var symbol = document.getElementById("iSymb").value;
widget.setPreferenceForKey(symbol, "SYMBOL");

The previous code stores the last stock symbol requested. The code can read the value with the preferenceForKey method.

var symbol = widget.preferenceForKey("SYMBOL");

The values stored with this mechanism persist until the next time that the widget runs, and it will be available after a reset. The mechanism should be used for relatively small values since there is a limit of 4000 bytes per key.

Using Widget Security

Security is vital in every application, but it has an increased significance in code that can be installed over a network and whose functionality depends on data from the Internet. Windows Mobile widgets run under Internet Explorer and are subject to the Internet Explorer Sandbox. This means that the widget cannot access personal data on the device, so information like contacts, the e-mail message store, the registry, and the file system are not accessible to widgets. Furthermore, by default, network access is denied to the widget unless the widget manifest file requests this privilege through the <access> element in the manifest file.

<access network="true" />

Internet Explorer security policy is maintained. Data maintained by Internet Explorer, like cookies, the cache, and the history list are isolated to each widget and the history and the cache are cleared every time the widget starts.

Special exceptions are made to relax the sandbox, but these still maintain widget security. Although the widget cannot access files in general, it may access files in the home folder and the folder beneath it using the src attribute of relevant HTML elements (for example, <img> for image files). The security sandbox enables navigation through some special protocols like mailto:, sms:, callto:, and tele:, but in these special cases the navigation is delegated to the device process responsible, and the user will be able to cancel any action being taken.

The device is protected from installing rogue code. First, users will only be able to install a widget from the Internet through Microsoft Windows Marketplace for Mobile and can therefore authenticate the source of the code. Second, the user is notified during the installation process and approval is requested, so when the user installs a widget he will get a page displaying information from the widget manifest describing the widget and the page will request permission to install the code. Furthermore, some security checks are made before the widget runs. For example, if the widget manifest indicates that the widget requires network access, the device displays a warning dialog box indicating that network access could incur call plan costs. The user gets the option to continue running the widget or to exit.

Providing Widget Files

Widgets must contain one HTML file for the user interface. This start file is named in the widget manifest using the <content> element. The start file can contain style elements and scripting to support the widget functionality, but typically the start file references separate CSS files and scripts through the <style> and <script> elements. Widgets support localization of resources and code, and Windows Mobile loads the localized files if they are present. All of these additional files are provided within the widget folder. The following table summarizes the types of files within a widget folder.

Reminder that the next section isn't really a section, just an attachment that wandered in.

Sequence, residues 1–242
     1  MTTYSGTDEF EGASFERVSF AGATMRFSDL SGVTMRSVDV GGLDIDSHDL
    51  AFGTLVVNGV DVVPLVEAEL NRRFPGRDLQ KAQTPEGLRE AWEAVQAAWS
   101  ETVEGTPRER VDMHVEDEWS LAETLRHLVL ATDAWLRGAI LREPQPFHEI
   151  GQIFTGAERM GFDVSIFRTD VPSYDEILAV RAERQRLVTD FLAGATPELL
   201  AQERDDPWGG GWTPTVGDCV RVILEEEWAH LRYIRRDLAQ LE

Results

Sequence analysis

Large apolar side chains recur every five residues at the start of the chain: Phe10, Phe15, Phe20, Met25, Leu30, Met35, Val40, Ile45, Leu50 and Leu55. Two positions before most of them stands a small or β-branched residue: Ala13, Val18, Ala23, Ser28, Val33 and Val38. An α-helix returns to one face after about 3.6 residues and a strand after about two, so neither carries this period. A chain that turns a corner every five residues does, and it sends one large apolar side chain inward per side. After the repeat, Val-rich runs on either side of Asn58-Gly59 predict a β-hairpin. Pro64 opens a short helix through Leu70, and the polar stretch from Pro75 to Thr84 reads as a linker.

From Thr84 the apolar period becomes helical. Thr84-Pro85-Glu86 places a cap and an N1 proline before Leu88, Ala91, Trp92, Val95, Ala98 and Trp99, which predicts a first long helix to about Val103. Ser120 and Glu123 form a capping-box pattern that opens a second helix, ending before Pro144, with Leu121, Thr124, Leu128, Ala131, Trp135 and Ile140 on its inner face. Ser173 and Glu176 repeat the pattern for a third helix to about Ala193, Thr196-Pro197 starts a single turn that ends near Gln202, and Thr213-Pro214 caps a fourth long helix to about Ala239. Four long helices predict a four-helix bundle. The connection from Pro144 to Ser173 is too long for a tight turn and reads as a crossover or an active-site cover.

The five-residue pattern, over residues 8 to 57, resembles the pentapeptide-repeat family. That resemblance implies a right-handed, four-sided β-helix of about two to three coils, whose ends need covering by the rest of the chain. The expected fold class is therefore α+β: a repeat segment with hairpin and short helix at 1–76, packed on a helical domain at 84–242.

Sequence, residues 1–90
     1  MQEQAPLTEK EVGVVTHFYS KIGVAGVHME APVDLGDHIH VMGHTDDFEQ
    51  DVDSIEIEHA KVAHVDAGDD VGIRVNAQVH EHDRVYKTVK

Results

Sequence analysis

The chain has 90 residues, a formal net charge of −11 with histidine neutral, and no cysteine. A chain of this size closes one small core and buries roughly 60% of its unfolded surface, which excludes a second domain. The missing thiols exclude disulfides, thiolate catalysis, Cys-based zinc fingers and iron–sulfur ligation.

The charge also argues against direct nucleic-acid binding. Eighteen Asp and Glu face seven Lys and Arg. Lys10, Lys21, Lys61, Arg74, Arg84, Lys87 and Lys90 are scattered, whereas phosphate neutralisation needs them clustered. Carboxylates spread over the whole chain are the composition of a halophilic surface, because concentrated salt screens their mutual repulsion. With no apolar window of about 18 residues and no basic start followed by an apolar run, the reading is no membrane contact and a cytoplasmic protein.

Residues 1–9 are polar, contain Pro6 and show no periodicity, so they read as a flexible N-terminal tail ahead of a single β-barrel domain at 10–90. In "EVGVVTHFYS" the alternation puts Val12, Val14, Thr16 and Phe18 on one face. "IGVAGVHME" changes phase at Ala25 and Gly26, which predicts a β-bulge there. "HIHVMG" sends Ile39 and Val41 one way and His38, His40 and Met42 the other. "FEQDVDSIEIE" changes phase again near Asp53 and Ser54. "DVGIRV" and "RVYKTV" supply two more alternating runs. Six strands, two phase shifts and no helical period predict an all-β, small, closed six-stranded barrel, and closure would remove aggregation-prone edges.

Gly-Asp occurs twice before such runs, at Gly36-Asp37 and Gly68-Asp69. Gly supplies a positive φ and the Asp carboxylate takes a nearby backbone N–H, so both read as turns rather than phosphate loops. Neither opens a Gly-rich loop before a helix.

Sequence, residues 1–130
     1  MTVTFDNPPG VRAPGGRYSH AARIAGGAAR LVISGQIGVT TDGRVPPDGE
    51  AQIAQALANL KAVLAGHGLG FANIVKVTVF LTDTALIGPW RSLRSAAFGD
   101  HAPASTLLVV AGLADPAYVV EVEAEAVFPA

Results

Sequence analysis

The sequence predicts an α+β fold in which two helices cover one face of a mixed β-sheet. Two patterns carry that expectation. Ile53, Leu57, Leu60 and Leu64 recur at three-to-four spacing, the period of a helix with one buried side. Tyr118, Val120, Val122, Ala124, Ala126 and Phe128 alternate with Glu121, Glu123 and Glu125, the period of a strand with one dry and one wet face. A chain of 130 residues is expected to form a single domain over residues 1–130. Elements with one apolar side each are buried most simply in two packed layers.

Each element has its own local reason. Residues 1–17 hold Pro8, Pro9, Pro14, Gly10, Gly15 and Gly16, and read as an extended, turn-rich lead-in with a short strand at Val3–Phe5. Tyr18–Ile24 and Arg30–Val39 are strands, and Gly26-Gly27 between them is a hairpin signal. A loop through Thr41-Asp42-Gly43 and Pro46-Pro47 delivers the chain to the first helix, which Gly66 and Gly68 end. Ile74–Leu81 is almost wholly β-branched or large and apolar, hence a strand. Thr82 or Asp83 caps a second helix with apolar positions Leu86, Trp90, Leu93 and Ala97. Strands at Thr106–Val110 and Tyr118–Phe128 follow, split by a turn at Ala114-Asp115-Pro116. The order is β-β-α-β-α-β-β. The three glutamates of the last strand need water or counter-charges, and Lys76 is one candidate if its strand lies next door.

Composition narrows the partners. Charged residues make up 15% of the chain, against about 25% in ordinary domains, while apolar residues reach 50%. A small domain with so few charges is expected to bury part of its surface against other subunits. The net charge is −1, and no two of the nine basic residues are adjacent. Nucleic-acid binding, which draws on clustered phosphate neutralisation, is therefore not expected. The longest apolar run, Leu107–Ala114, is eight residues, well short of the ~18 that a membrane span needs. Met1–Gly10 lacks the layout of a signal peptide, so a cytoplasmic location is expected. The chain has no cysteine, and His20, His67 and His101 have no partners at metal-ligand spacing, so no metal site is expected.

File Type Mandatory Description



The start file for the project. <widget> is the name of the widget as given by the widget manifest file.



An XML file containing the metadata for the widget.

*.ico, *.png, *.jpg

Yes, at least one

The icon to be used for the widget in the Start menu of the mobile device. The icon file is mentioned in the widget manifest file. Windows® phones that run only support .ico files, while Windows® phones that run files support all three formats.


No, but preferred

JavaScript files containing the code for the widget.


No, but preferred

Style sheets for the widget.

Resource files: .jpg, .png, and more


Additional resources.

Creating the Manifest File

Each widget must have a manifest file. This is an XML file called config.xml containing a root element called <widget>. The manifest file contains information about the widget including data that may be localized, so the manifest may be within the localization folders. However, even if you use localized versions of the manifest file, it is prudent to place a default copy of the manifest file in the root of the widget folder to be used as the default if the device has a locale that is not handled. The <widget> element in the manifest file must have the name of the start file; other elements are optional but recommended. The following is a minimal manifest file.

<?xml version="1.0" encoding="utf-8" ?>
<widget xmlns="" version="1.0">
   <content src="StartUp.htm" type="text/html" />

This manifest indicates that the start file is called StartUp.htm. If the device Regional Settings are set to English (United States), the locale is en-US, so when the device runs the widget, it first looks for a file called StartUp.htm in the en-US folder. If the folder does not exist, or the file is not in that folder, the device looks for a file called StartUp.htm in the en folder and if that file does not exist, the device loads StartUp.htm from the root folder.

Another localized file is the icon file. Windows® phones that run  devices can only use .ico files, while other phones can also use .png and .jpg files.

The following table lists the elements that can be used in the <widget> element.

Element Description


This element indicates the network requirements of the widget. If the network attribute has a value of true, the widget must have permission from the user for network access before the widget is run.